Harris appeals to us to dismiss the authority of the Pope. He reasons that it is ‘quite obvious that the Pope has nothing to go on but the Bible itself.’ Although Harris finds this a satisfactory reason to dismiss the Pope’s authority, it is not clear why it is. Is it so overwhelmingly obvious that the Pope has only one source of evidence for saying these things? Since Harris himself suggests two other justifications for belief, why should the Pope only have this one? Is it impossible that the Pope has personal spiritual experiences, that he is in fact in communication with God? And since a fundamental aspect of the Pope’s role is his place in the tradition of the Roman Catholic church, why should the authority of the church play no part in his beliefs? Harris overlooks these possibilities for some reason, but gives no reason why it is obvious that the Bible is the only source the Pope has for what he says. This doesn’t seem to be a rational repudiation of the authority of the Pope.

Harris appeals to us to dismiss the explanatory power of the Bible. He says that, ‘this document is not a sufficient justification for [the Pope’s] beliefs’. The obvious inference is that the Bible alone cannot justify Christian beliefs. The reason Harris gives for not trusting the Bible is, ‘the standards of evidence that prevailed at the time of its composition.’ Here is another massive assertion which Harris simply makes in passing. If the Bible is a justification for belief, as Harris is right to assert, then he has to do more work to unpack this throw-away dismissal of it. Harris gives me no reasons to believe that the ‘standards of evidence’ at that time were unsatisfactory, whereas historians certainly acknowledge the historical accuracy of the New Testament.

Harris doesn’t, however, appeal to us to reject all spiritual experiences. He says very clearly, however, that spiritual experiences require authentication. If the Pope had a vision of Jesus, we would need authentication that this Jesus was who he said he was. Authentication, in Harris’s mind, would only come ‘given a sufficient number of verifiable statements’ made in the vision. Harris gives no indication of what a sufficient number would be. He argues that it would be logical to require additional evidences to authenticate a spiritual experience. The reason for this is not clear. We don’t require further evidence for believing the truth of a news report so why would we need further evidence to believe the words in a vision of Jesus? Of course, the vision of Jesus would have to say something coherent and consistent with the Bible, but if it did we could reasonably believe our experience to be true.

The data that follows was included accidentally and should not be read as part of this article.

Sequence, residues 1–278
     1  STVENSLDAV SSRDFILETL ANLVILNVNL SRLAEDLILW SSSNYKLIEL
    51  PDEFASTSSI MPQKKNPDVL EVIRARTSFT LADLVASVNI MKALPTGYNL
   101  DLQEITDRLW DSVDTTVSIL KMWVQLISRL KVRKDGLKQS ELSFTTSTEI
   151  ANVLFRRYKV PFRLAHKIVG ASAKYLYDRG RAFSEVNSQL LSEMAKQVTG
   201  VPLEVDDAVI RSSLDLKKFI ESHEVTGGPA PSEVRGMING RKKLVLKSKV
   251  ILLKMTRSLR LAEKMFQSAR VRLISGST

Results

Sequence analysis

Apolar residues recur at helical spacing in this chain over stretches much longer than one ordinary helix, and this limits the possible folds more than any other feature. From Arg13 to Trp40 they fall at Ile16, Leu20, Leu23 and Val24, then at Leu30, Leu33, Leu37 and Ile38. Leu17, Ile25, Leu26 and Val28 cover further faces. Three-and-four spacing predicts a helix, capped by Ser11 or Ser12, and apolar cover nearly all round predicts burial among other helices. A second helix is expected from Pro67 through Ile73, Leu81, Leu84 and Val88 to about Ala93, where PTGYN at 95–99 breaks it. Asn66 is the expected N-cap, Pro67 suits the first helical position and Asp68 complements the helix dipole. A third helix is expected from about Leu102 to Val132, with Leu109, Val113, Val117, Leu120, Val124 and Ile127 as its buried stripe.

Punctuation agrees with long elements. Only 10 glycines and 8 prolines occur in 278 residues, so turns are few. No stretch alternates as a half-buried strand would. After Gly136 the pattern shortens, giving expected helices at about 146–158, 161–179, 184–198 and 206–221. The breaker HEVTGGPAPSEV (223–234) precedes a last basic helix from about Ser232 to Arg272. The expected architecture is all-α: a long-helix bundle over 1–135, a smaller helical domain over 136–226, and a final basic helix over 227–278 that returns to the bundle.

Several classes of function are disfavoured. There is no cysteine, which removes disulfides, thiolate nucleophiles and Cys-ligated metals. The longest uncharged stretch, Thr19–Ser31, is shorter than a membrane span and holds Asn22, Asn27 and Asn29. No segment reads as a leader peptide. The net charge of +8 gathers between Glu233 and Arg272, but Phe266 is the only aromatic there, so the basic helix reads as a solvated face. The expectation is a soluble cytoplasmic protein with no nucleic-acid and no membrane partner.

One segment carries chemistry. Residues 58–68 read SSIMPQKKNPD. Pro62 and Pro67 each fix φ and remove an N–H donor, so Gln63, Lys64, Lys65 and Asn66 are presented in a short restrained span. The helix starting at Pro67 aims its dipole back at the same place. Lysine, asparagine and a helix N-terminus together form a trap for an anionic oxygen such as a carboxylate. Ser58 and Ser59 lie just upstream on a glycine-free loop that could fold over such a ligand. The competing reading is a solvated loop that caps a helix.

In attempting to repudiate these three justifications for faith, Harris says, ‘we know that no evidence would be sufficient to authenticate many of the Pope’s core beliefs’ (p. 76). This is an incredible statement given that Harris demands justification for belief. He shows us his natural bias against religious belief. According to Harris, no amount of evidence could justify these beliefs. Although he doesn’t make explicit which of the Pope’s core beliefs are unjustifiable, I think it is likely that the existence of God is a central one to which he refers. For if there is sufficient evidence to believe God exists then most other religious doctrines would fall into the category of subordinate beliefs. In essence, Harris decides before entering the debate that religious faith is futile and completely unfounded.

This is why he has little time for the Bible, religious experiences and the authority of the church. He dismisses them out of hand because he thinks the beliefs they justify are just preposterous. This is why his arguments carry little persuasive power and are more of a rallying cry for like-minded individuals.